The Labour Party has announced that it would shake up how schools recruit supply teachers, claiming it would save them over half a billion pounds.
Shadow education secretary Angela Rayner outlined plans for a new national Substitute Teacher Register, which would allow schools to book the teachers they need at short notice from an accredited government list. A similar system already exists in Northern Ireland.
Speaking at the Labour Party Conference in Liverpool, Rayner said the cost of hiring supply teachers was costing schools more than £556 million in recruitment agency fees – around £25,000 for every school in England. A list of accredited local teachers would eliminate the need for schools to pay agencies to find staff, she said.
Labour also floated the idea of setting up a state teacher supply agency to compete against existing agencies, and called for an examination into whether supply teacher fees should be regulated to avoid spiralling costs, which have risen around 20% in the last five years.
Schools are increasingly reliant on supply teachers as they fail to attract and retain sufficient numbers of teachers. Teacher training applications went down by a third last year, while teachers leave the profession in rising numbers.
A report by the Public Accounts Committee earlier this year found the Department for Education’s approach to attracting and retaining teachers was “sluggish and incoherent”, risking a future crisis in teacher recruitment.
Rayner said: “At a time when our schools have to ask parents to give extra money for books and classroom essentials, it’s crazy we’re spending half a billion pounds a year just on agency fees.
“That money should be spent on teachers and the badly needed resources our children need to get a world class education, and under a Labour government it would.
“Our straightforward, simple and proven policy will save hundreds of millions of pounds a year and help schools find the talented teachers they need. While the Tories obsess over damaging and unnecessary changes to the education system, Labour will keep on producing sensible policies that will save our schools money and give our kids a better education.”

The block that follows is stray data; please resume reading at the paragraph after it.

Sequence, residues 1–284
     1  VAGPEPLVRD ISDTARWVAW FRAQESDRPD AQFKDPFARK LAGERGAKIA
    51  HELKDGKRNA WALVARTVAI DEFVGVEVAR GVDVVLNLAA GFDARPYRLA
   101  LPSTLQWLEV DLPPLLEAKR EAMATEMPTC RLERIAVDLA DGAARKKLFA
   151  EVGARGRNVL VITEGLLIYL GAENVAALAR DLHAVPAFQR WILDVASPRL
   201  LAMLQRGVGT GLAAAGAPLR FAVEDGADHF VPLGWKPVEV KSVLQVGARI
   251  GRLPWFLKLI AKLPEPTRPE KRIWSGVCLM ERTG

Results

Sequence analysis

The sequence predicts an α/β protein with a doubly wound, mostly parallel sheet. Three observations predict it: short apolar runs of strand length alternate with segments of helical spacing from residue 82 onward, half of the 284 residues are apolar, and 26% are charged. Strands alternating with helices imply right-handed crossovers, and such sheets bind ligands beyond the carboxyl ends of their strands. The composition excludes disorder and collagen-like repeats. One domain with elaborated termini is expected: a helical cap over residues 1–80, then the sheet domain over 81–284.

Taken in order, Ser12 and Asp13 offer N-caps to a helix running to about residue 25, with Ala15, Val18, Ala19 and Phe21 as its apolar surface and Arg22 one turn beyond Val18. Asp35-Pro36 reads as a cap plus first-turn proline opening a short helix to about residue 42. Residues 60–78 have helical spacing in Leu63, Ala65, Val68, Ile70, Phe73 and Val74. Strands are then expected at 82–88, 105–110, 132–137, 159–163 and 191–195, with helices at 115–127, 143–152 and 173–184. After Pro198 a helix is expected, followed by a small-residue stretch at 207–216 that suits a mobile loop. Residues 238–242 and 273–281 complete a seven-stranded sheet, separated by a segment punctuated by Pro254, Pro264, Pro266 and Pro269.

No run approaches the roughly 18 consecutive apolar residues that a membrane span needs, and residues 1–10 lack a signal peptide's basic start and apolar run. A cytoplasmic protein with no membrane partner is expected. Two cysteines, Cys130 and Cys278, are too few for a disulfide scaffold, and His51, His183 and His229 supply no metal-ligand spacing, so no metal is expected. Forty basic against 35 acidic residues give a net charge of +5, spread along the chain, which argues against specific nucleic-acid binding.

In June, education secretary Damian Hinds announced the launch of a free website to advertise school vacancies in a “clampdown on agencies charging schools excessive fees to recruit staff”, but this is yet to be fully launched.
Responding to the announcement, Tom Hadley, director of policy at the Recruitment and Employment Confederation, said that supply agencies “provide a crucial 24-hour service to schools”.
“With the education sector facing a major recruitment crisis, the focus should be on working with recruitment professionals rather than marginalising their contributions. We would like to work with policy makers, including the shadow education secretary, to recognise this,” he said.
“Certainly costs must be controlled and a new framework contract has only just been launched with over 100 agencies signed up. The idea that not using agencies at all would save significant amounts of money is misguided as there would be huge costs in establishing new structures and paying staff to try and replicate the expertise and 24/7 service that recruiters provide.”